Some 300 million pairs of eyes around the world will be focused on Thailand in early October as the country hosts its first Motorcycle Grand Prix. The thrills, spills and sheer skills of the elite MotoGP riders are bound to find a receptive local audience too, says Cameron Cooper
Possibly the biggest international sporting event Thailand has ever hosted will be making its debut from October 5-7, but few here seem to be aware of it or its importance to the country as a player on the global stage, says Cameron Cooper. And yet, however many Thai fans do or don’t turn up, 300 million pairs of eyes around the world will be trained on the Chang International Circuit at Buriram and the first Thailand Grand Prix motorcycle race. That’s right, motorcycles.
The Most Respectable Disrespected Sport
Motorcycle racing has always had it a bit tough. Perceived by many as a hooligan’s sport, where suicidal madmen open the throttle and laugh maniacally in the face of death, it has been seen as the poor dirty cousin to car racing, particularly the longheld-glamorous Formula One—a sport endorsed and indulged in by royalty.
MotoGP began its life in 1949, with many changes and technological developments over the decades (and a much reduced death rate). As Formula One and its endless regulations, safety features and reduced overtaking loses some of its lustre, many are turning to the more thrilling MotoGP—a sport that not only requires the mental skills of F1, but is also even more physically demanding and features battles between riders that the much wider F1 vehicles cannot possibly match.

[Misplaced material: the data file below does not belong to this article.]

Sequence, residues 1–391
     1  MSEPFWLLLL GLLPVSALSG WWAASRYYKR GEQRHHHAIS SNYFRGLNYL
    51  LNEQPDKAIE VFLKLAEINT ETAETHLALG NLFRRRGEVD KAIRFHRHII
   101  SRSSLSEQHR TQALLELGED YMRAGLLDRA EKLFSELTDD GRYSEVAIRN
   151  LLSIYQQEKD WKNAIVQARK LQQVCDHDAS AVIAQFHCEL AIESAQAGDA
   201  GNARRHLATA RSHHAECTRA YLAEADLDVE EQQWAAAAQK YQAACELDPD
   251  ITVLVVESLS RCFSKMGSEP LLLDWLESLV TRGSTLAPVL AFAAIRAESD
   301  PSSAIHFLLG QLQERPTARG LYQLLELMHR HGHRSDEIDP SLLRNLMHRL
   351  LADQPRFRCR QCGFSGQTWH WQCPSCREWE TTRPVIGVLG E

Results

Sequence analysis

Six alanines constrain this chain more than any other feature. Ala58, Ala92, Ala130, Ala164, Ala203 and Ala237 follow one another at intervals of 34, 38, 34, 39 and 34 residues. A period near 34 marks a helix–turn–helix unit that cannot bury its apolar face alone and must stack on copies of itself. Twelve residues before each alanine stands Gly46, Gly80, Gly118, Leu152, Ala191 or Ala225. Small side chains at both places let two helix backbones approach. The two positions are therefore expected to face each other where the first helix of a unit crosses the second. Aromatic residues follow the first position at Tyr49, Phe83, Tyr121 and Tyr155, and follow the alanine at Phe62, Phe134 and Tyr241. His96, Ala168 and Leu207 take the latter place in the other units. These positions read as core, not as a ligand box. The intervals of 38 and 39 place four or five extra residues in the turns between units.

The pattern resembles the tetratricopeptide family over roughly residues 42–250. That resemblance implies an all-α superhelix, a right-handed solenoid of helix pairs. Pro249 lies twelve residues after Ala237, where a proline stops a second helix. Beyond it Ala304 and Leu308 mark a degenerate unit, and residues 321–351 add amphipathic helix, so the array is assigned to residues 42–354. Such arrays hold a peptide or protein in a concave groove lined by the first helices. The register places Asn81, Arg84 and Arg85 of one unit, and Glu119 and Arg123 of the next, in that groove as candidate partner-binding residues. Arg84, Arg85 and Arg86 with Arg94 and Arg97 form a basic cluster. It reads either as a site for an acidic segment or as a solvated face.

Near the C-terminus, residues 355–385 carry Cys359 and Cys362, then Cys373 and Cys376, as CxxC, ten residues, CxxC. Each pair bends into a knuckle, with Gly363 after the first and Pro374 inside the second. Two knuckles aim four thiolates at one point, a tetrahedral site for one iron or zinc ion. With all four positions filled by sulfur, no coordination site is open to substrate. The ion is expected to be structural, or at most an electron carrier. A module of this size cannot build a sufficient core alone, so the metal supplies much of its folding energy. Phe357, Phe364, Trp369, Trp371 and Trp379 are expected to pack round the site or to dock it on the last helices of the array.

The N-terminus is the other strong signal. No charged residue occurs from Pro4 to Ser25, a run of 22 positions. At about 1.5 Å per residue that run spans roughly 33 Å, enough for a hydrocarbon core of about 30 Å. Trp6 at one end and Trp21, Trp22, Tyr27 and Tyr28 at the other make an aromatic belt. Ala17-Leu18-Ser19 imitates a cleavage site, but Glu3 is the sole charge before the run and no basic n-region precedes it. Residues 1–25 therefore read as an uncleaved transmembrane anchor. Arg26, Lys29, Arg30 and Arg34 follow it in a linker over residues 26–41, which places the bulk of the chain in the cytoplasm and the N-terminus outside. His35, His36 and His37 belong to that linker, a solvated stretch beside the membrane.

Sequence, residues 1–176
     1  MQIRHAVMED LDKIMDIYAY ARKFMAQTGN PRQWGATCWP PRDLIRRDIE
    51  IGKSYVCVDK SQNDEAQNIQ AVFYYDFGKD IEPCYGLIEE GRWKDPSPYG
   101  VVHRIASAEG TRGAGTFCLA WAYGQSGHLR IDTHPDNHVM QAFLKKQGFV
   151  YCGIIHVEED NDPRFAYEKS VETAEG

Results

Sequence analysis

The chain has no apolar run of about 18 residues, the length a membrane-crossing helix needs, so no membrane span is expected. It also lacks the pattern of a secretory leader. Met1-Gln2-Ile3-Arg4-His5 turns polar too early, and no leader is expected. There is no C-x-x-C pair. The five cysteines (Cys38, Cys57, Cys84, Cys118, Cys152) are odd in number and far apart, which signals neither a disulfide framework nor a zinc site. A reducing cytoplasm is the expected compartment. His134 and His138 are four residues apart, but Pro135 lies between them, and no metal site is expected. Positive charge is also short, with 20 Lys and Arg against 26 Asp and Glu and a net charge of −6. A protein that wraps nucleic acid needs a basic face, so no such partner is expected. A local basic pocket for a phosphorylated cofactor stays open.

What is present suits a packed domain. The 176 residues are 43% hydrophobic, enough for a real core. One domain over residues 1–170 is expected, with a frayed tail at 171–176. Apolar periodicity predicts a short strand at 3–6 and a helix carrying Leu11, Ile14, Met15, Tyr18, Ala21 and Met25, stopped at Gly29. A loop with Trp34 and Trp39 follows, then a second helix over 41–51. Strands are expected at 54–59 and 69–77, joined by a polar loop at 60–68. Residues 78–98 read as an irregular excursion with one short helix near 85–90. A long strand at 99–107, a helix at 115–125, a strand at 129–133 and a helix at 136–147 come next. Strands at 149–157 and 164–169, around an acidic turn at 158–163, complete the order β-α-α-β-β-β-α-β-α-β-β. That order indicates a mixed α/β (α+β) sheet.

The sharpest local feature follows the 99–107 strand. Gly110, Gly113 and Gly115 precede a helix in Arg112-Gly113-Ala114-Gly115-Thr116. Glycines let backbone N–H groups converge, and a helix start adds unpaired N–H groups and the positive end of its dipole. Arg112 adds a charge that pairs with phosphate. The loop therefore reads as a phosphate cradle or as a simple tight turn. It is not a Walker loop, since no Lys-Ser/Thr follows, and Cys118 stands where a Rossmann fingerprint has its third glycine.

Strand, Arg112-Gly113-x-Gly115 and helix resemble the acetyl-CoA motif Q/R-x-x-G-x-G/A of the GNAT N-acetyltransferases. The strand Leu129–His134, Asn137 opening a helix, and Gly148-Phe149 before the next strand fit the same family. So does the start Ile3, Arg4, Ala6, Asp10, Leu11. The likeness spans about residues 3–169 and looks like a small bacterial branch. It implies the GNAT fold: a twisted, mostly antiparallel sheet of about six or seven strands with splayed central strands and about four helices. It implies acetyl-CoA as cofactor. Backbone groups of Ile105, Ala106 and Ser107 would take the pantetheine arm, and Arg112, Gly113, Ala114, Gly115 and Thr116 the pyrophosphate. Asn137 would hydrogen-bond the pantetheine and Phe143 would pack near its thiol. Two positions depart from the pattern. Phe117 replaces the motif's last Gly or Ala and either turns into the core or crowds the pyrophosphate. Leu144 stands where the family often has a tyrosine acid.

The MotoGP rider is not caged in but out in the open, part of his machine, until a crash separates them, leaving him on his own, tumbling along the gravel pit at hundreds of kilometres per hour with only his suit and his wits to minimise the damage. It is a highly disciplined sport that is not for the faint hearted. Car racers will be the first to admit that they have enormous respect for the skills and nerve of motorcycle racers. As former F1 champion Nicky Lauder said recently, “MotoGP still has the gladiatorial aspect that Formula One has lost.” And so over the past 15 years the top-class MotoGP has picked up steam and new fans, with riders receiving multimillion-dollar salaries and endorsement deals, putting some of them—most notably MotoGP veteran Valentino Rossi—among the highest paid sportsmen in the world.
The MotoGP race series is now held from March through November with 20 races in 15 different countries, including Argentina, Spain, Australia, UK, Germany, Netherlands, Qatar, Malaysia, Japan and the US. And now Thailand is taking its place in that distinguished company. With 300 million fans watching the event around the world, it is a very big deal for the Thai sporting world and the country’s international image.
Thailand Gains Traction
Motorcycle racing is growing in Thailand, particularly as Thai street riders discover big
HARD TO BEat Repsol Honda’s reigning world champion Marc Marquez takes the chequered flag at the 2018 American MotoGP; Spanish rider Jorge Lorenzo pushes to catch the front runners at the 2018 American MotoGP
bikes and the incredible things these twowheeled rockets are capable of (unfortunately testing out too much of this power and agility on public roads).